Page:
Posted by Shawn Bishop (@Shawngbishop) · Nov 12, 2010
Adverse Effects of Scoliosis Depend on Magnitude of the Curvature
November 12, 2010
Dear Mayo Clinic:
I was diagnosed with mild scoliosis as a teenager, but never had any treatment. I am now 24. Will this have any adverse effects as I age?
Your likelihood of having adverse effects depends on the magnitude of your scoliosis, a condition defined as a sideways curvature of the spine that develops most often in children prior to puberty.
When scoliosis is first diagnosed in children, based on a physical exam and X-ray, we generally advise regular checkups every four to six months and X-rays to monitor the condition and see if the curve changes or worsens over time.
Once the bones stop growing, the risk of the curve getting worse is generally less, though much depends on the measurement and the pattern of the curve. In addition, though both boys and girls can develop scoliosis, girls have a much higher risk of the condition getting worse and requiring treatment.
Scoliosis severity can be assessed using X-rays. If you don't know what your curvature measures, it would be reasonable to see a physician and obtain a scoliosis X-ray.
If your scoliosis measures less than 30 degrees, then your chance of having future adverse effects is very low. You do not need to seek medical attention unless you are having symptoms, such as increased back pain or difficulty breathing, or notice a change in the shape of your body.
If the scoliosis measures greater than 50 degrees, then chances are high that you will have problems later in life. Severe scoliosis can be disabling. It can cause the spine to twist as well as curve side to side. And this rotation of the spine can affect the rib cage, for example, causing back pain, difficulty breathing and even heart damage.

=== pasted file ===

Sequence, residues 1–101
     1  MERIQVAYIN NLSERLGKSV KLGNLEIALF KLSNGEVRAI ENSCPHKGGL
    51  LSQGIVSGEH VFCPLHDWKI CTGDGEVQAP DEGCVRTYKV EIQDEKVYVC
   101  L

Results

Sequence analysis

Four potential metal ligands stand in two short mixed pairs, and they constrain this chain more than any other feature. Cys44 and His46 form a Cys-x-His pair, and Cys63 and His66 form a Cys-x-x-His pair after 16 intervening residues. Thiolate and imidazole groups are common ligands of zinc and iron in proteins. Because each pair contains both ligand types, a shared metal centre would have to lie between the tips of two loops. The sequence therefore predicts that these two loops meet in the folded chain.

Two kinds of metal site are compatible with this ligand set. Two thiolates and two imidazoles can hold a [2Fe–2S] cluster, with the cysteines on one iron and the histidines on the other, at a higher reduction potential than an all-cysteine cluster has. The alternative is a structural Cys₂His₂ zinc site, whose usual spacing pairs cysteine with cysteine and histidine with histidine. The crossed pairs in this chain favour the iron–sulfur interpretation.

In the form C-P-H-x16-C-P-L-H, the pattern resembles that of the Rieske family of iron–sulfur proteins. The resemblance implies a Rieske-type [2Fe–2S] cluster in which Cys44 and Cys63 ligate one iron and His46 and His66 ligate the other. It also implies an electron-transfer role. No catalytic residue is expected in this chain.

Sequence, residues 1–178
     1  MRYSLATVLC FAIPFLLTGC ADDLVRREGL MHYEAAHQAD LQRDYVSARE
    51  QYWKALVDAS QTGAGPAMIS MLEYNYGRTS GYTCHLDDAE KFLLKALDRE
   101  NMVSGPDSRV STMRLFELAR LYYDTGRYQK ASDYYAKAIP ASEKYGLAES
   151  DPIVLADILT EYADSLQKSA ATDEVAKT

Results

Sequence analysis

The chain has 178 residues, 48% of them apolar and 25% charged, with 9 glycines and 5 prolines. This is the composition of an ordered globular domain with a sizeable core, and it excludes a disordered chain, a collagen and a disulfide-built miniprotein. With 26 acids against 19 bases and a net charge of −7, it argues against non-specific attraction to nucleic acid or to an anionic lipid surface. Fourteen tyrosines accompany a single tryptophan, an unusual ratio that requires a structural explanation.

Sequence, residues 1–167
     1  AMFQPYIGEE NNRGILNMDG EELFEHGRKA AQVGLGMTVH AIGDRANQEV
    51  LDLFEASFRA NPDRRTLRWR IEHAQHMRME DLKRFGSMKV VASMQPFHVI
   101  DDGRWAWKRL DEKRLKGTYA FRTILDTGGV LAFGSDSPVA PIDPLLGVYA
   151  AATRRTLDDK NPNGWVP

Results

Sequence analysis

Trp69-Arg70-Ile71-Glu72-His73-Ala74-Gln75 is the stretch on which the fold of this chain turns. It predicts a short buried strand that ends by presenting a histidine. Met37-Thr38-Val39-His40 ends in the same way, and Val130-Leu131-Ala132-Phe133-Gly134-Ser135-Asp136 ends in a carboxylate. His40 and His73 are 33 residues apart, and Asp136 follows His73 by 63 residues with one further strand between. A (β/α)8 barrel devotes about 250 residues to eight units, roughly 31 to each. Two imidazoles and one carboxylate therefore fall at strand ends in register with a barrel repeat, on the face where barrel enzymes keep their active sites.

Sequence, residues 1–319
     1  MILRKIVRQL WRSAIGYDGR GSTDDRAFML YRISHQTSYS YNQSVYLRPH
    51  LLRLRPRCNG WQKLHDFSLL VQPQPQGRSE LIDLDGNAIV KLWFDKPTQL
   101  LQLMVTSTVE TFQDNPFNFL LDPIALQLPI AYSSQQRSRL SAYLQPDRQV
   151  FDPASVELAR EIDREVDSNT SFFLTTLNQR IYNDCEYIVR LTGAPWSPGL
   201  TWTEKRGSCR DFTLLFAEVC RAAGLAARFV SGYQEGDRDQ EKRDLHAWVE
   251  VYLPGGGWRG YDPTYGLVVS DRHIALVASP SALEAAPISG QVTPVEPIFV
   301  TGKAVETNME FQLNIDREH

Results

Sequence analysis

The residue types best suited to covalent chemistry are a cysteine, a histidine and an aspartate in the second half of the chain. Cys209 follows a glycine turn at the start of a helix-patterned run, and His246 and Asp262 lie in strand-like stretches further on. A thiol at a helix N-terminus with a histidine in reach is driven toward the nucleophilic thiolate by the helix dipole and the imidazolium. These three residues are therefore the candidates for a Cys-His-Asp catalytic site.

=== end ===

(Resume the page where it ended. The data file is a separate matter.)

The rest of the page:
In children and adolescents, bracing can be used to treat milder cases of scoliosis; a brace would not be an effective treatment for you because at your age your bones are no longer growing. But you might benefit from corrective surgery.
Surgery helps straighten the spine, reducing the severity of the curve and preventing it from getting worse. The procedure is called spinal fusion. Two or more bones in your spine are connected or fused using new bone. Surgeons may use metal rods, hooks and screws to hold the newly fused part of the spine straight and still while the bone heals.
If your scoliosis measures between 30 and 50 degrees, then the future is unpredictable. I would recommend that you see your doctor and repeat an X-ray in approximately five years to monitor for progression of the disorder.
We still don't know what causes most cases of scoliosis — though it tends to run in families. Currently, researchers are experimenting with a blood test that may help us identify the risk of an individual patient's scoliosis getting worse over time.
— Anthony Stans, M.D., Orthopedic Surgery, Mayo Clinic, Rochester, Minn.
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